He told L’Equipe: “We learned what World Rugby is really about. Match fixing. Money. And oppression.”
I doubt that the appointment of France to host the 2023 World Cup will have greatly changed Fuimaono-Sapolu’s view. Professional rugby is a game run by the colonial powers at the expense of the poorer nations.
New Zealand’s own Greg McGee recently cited Fuimaono-Sapolu as one of his sporting heroes “for having the guts to challenge the Samoan and international rugby patriarchies”.
Good on McGee, but he could have added the New Zealand rugby patriarchy to that list. Fuimaono-Sapolu once said: “If Hitler had an interest in rugby and fronted the money and showed the All Blacks, told them to come tour Nazi Germany, the All Blacks would.”
Many were outraged, but it made me laugh. New Zealand rugby took South Africa’s diamonds when the rest of the world were boycotting a country that slaughtered people during apartheid. So was it really such a stretch?
Fuimaono-Sapolu is protesting against the injustices that are rife in rugby. He is protesting against the eligibility rules that allow Gordon Tietjens to coach in Samoa on a salary greater than the prime minister. He is protesting against rules that allow New Zealand coaches to colonise the world, but forbade Jerry Collins from ever pulling on a Samoan jersey.
It outrages Fuimaono-Sapolu that his countrymen can be poached by New Zealand schools and then stopped for ever playing for their country again. He said: “This ridiculous rule allows the old white men in World Rugby to possess your identity. It is contrary to Article 15(2) of the United Nation’s declaration of Human Rights that says: ‘No one shall be denied the right to change his nationality’.”
Good on him for speaking out against the consistently biased judiciaries that taint the World Cup. One of the judges on these panels even once tried to confiscate Fuimaono-Sapolu’s passport without the slightest legal justification for doing so.
I wrote at the last World Cup of “colonial injustice” and said: “We are fed up with Pacific Islanders, Eastern Europeans and South Americans being handed out ludicrously long sentences by a judiciary that is dominated by countries that still seem to think they own the world.”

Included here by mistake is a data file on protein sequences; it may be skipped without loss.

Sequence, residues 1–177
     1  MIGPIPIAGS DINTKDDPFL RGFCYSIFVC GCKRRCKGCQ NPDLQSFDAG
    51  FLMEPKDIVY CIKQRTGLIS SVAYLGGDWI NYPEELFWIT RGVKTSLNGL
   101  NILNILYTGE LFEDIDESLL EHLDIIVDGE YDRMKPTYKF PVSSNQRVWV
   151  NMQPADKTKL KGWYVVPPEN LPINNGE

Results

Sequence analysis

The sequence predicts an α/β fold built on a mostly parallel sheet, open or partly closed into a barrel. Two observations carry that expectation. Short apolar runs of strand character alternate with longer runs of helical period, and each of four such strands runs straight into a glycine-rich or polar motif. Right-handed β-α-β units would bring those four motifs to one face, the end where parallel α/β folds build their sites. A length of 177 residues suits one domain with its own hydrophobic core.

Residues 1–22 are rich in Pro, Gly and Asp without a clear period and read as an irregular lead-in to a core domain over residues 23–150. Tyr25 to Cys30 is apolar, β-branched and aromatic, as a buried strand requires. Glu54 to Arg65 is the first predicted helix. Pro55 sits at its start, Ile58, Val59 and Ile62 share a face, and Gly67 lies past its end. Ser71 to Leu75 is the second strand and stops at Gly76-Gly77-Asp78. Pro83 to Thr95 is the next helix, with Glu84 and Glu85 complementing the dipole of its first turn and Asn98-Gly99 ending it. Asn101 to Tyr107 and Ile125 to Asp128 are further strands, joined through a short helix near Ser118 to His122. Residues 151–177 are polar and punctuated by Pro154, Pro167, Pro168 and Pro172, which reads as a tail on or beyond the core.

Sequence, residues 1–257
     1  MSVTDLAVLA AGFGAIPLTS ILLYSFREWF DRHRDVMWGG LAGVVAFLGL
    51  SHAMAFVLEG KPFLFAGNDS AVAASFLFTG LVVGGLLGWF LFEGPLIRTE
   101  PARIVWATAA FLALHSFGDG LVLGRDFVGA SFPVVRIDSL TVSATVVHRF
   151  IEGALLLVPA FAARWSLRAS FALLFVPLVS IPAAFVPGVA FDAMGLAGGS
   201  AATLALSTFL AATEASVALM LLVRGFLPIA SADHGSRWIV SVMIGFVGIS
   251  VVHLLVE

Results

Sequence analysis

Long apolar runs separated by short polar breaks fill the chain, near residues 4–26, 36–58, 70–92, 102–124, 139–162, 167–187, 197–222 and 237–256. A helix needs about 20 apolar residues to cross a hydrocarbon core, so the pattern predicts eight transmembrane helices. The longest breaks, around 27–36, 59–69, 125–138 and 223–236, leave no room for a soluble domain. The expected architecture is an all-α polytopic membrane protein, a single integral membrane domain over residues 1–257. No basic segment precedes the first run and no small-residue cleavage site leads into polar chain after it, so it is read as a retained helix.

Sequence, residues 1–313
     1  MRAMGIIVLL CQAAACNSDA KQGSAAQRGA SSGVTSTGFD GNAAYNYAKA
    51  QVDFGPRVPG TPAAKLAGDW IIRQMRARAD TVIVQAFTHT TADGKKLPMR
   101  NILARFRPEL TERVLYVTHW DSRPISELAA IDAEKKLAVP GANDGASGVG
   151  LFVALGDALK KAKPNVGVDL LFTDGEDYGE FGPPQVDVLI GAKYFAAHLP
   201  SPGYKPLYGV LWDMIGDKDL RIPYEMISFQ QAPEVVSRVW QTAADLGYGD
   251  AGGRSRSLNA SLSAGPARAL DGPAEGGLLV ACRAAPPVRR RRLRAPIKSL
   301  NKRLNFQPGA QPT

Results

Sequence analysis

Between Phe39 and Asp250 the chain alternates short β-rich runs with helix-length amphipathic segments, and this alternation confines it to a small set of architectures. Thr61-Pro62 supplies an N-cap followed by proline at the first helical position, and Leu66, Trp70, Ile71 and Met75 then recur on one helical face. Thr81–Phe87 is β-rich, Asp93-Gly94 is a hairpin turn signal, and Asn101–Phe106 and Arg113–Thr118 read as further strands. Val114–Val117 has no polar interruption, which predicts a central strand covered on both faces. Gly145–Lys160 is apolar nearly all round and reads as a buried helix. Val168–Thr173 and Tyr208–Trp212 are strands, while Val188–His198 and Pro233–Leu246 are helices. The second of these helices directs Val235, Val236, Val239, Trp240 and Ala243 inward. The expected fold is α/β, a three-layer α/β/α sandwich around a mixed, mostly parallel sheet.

So imagine how Fuimaono-Sapolu feels when he is on the direct receiving end of a system that initially gave Alesana Tuilagi five weeks for running through a Japanese defender with a high knee action, but gave Sean O’Brien and David Pocock a combined total of one week for a punch and for a knee off the ball.
Well this is how he feels: “Surely SURELY any intelligent, fair minded, rugby loving person can see the disgusting treatment of tier 2 teams and players! SURELY!”
The tragedy for Fuimaono-Sapolu is that he has been grievously unsupported by players in New Zealand and Australia who all seem under the corporate yoke. Where is today’s Anton Oliver? Richie McCaw sits on a panel that absurdly makes Beauden Barrett the World Rugby Player of the Year again, not a title that a player is ever likely to win in a Samoan shirt – Beauden, blondish poster boy, good for business.
When did McCaw ever speak out on behalf of anything? No wonder he was a school prefect. But as Fuimaono-Sapolu says: “If Richie McCaw said anything about the GCSB, the whole of New Zealand would be up in arms against it.”
Instead there is just a lone voice coming from the Pacific. It is full of sorrow, it is full of passion and it is full of anger. Eliota Fuimaono-Sapolu is paddling against the rugby tide with a teaspoon. Maybe a few more of us, and a few more current players, could jump on board and do something to help.